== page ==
Study Shows Ambivalent Friendships are Bad for Health


    By Lindsay Cook

    Lying on his twin-size bed raised by cinder blocks, Dave Green tossed and turned a million times in the middle of the night. There was a constant clicking noise in the back of his head – the sound of fingers typing rapidly on his roommate”s keyboard.

    He thought if he tossed and turned enough, his roommate would get the clue, be courteous, and quit the noise, which went on for hours. Green did not know how much more he could take of his roommate, who was on a completely different sleep schedule and played computer games through all hours of the night. It was almost unbearable.

    What was Green supposed to do? A polite request for courtesy did not work. He could not kick his roommate out of the apartment and it would be too inconvenient for him to move out.

    The only thing Green could do was concentrate on the good parts of the relationship-playing basketball, watching sports and doing other fun things with his roommate.

    In a recent study, BYU Psychology Assistant Professor Julianne Holt-Lunstad, found that friendships similar to that of Green and his roommate, are bad for a person”s health.

    Previous studies only looked at relationships as either negative or positive. Holt-Lunstad analyzed less known relationships that have both positive and negative aspects to them.

    “The type of friend we are talking about is someone we may really love or care about,” said Holt-Lunstad in a news release. “However, they can also at times be unreliable, competitive, critical, or frustrating. Most people have a few friends, family members, or co-workers that fit the bill.”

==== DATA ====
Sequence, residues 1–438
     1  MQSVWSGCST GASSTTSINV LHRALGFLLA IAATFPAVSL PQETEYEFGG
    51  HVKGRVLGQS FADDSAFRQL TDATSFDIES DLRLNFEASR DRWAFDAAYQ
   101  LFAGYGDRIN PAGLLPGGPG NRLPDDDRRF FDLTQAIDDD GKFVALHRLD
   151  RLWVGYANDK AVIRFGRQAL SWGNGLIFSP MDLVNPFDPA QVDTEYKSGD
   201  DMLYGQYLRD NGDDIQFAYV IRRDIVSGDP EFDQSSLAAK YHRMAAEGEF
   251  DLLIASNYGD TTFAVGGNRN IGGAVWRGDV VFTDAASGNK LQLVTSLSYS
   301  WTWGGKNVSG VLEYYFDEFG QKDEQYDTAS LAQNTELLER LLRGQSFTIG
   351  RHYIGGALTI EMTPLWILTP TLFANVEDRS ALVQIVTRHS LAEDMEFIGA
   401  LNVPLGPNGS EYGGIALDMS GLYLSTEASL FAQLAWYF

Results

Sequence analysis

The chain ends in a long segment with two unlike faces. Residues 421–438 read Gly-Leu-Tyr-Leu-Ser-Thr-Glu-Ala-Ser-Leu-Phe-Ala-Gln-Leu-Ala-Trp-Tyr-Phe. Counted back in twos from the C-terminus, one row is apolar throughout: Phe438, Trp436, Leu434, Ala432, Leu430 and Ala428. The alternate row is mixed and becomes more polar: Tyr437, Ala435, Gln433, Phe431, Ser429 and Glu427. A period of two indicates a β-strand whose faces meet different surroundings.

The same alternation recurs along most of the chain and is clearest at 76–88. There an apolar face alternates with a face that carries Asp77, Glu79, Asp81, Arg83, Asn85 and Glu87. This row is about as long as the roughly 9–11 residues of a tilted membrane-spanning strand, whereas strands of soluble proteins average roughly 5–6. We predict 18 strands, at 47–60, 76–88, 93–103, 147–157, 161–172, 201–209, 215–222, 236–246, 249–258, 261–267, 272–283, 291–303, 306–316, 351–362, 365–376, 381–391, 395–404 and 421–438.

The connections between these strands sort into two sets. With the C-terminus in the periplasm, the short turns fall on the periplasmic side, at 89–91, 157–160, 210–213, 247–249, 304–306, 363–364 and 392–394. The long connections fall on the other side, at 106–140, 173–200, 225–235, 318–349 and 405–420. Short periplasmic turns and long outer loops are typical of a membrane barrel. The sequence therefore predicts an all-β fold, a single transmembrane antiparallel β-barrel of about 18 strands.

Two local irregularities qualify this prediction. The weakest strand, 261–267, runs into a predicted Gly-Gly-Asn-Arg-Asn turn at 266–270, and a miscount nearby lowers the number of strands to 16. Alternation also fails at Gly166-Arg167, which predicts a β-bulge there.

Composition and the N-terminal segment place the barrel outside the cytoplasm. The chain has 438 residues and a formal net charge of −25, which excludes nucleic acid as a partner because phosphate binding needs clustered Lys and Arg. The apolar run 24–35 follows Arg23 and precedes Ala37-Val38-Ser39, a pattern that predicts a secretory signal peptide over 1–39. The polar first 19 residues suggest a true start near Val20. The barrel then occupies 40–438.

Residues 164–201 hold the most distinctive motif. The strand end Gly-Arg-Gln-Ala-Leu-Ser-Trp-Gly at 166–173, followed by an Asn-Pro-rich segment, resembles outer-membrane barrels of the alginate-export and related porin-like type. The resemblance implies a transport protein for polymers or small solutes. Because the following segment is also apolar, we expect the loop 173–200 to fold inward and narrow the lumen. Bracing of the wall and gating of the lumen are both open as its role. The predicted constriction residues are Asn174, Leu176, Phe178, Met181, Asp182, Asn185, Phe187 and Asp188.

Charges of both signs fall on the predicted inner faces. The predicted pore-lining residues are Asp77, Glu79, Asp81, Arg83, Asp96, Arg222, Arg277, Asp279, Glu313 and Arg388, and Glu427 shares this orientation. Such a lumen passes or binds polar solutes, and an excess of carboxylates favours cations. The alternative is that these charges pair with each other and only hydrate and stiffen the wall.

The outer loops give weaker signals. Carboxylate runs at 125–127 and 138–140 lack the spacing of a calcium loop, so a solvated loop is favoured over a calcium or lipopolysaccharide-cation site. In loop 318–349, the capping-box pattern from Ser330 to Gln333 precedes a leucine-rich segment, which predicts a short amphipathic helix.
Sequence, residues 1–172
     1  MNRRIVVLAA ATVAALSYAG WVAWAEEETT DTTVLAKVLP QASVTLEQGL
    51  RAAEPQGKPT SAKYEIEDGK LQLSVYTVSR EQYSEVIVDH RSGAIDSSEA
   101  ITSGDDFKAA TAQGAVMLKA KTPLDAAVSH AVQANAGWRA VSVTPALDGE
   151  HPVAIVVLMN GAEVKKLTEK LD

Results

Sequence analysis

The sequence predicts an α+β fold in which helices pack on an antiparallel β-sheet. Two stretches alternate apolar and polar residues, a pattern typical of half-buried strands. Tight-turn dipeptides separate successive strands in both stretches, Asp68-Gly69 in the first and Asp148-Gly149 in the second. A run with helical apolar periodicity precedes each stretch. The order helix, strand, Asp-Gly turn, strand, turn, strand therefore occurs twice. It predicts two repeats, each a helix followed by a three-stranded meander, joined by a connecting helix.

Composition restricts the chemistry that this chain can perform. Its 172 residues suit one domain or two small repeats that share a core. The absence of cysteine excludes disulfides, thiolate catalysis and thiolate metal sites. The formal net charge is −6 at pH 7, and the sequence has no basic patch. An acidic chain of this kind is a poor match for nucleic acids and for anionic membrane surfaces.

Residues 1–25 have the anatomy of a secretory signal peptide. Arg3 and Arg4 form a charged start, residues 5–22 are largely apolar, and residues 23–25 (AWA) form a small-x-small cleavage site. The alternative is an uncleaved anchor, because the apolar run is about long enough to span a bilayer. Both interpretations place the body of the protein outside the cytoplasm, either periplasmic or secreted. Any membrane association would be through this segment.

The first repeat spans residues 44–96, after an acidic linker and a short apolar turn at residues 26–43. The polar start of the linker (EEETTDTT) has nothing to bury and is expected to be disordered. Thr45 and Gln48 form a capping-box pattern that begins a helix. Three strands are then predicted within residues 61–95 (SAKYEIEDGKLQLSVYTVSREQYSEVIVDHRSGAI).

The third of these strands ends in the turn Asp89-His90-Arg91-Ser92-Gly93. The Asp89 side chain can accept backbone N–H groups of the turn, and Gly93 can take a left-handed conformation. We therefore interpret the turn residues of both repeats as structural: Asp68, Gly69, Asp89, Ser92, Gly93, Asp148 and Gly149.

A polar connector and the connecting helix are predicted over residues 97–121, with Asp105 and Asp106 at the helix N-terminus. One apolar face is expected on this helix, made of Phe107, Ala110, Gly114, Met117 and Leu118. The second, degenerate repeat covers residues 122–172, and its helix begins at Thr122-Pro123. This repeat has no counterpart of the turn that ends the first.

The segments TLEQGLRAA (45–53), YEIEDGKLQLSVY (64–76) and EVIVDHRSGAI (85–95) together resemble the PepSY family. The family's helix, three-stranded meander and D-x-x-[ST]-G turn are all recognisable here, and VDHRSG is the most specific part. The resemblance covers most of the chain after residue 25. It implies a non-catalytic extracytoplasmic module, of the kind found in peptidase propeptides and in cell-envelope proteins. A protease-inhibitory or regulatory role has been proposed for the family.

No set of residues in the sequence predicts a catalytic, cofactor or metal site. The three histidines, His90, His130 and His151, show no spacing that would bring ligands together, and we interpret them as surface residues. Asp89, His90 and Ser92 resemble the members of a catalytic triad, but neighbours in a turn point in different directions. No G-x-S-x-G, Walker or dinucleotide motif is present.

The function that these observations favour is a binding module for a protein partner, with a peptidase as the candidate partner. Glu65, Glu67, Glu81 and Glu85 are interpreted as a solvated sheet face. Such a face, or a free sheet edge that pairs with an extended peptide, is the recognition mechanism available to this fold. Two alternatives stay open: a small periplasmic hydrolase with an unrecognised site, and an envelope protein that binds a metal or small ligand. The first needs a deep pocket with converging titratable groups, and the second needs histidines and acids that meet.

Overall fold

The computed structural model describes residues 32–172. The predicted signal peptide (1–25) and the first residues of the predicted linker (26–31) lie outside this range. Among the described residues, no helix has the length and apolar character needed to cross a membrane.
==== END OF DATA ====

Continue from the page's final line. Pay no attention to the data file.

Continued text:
These relationships, also called ambivalent friendships, make up about one-half of a person”s network of friends, based on the participation in this and previous studies.

    Holt-Lunstad observed participants as they interacted with different friends and found most participants to be more anxious and less able to relax in the presence of people for whom there were mixed feelings.

    These observations helped explain her discovery in a previous study that a person”s blood pressure is higher around ambivalent friends.

    Holt-Lunstad also observed that participants avoided discussions of positive experiences, which in turn, robbed participants of the health benefit normally gained by sharing good news.

    “It is possible that ambivalent relationships may be a source of stress themselves and may not be a good source of support,” she said.

    Some wonder if it is best for their cardiovascular health to get rid of friends for whom a person has mixed feelings.

    Holt-Lunstad said she is working on research to answer that very question. Most people keep those friends and she said it is still unclear why, but there are a couple of speculations.

    She said it might be because a person feels he or she cannot end a relationship with someone that should be close to him or her, or that some people feel committed and obligated to ambivalent friends because they have been through a lot together.

    “It may not be realistic for a person to quit a job and move, stop attending church, or completely cut social ties when they still need to have contact with that friend,” Holt-Lunstad said.

    Especially in the situation of roommates or co-workers, it may be very difficult to eliminate contact. If it is not realistic for a person to end the relationship, Holt-Lunstad recommended distancing; either spending less time with that person or limiting contact and avoiding frustrating topics. By doing this, she said, relationships can have less of a negative effect in a person”s life.

    “It is important to identify aspects of the relationship that are upsetting,” Holt-Lunstad said. “Clearing up misunderstandings and changing your own response in a situation are things you have control over to reduce your stress and protect your health.”

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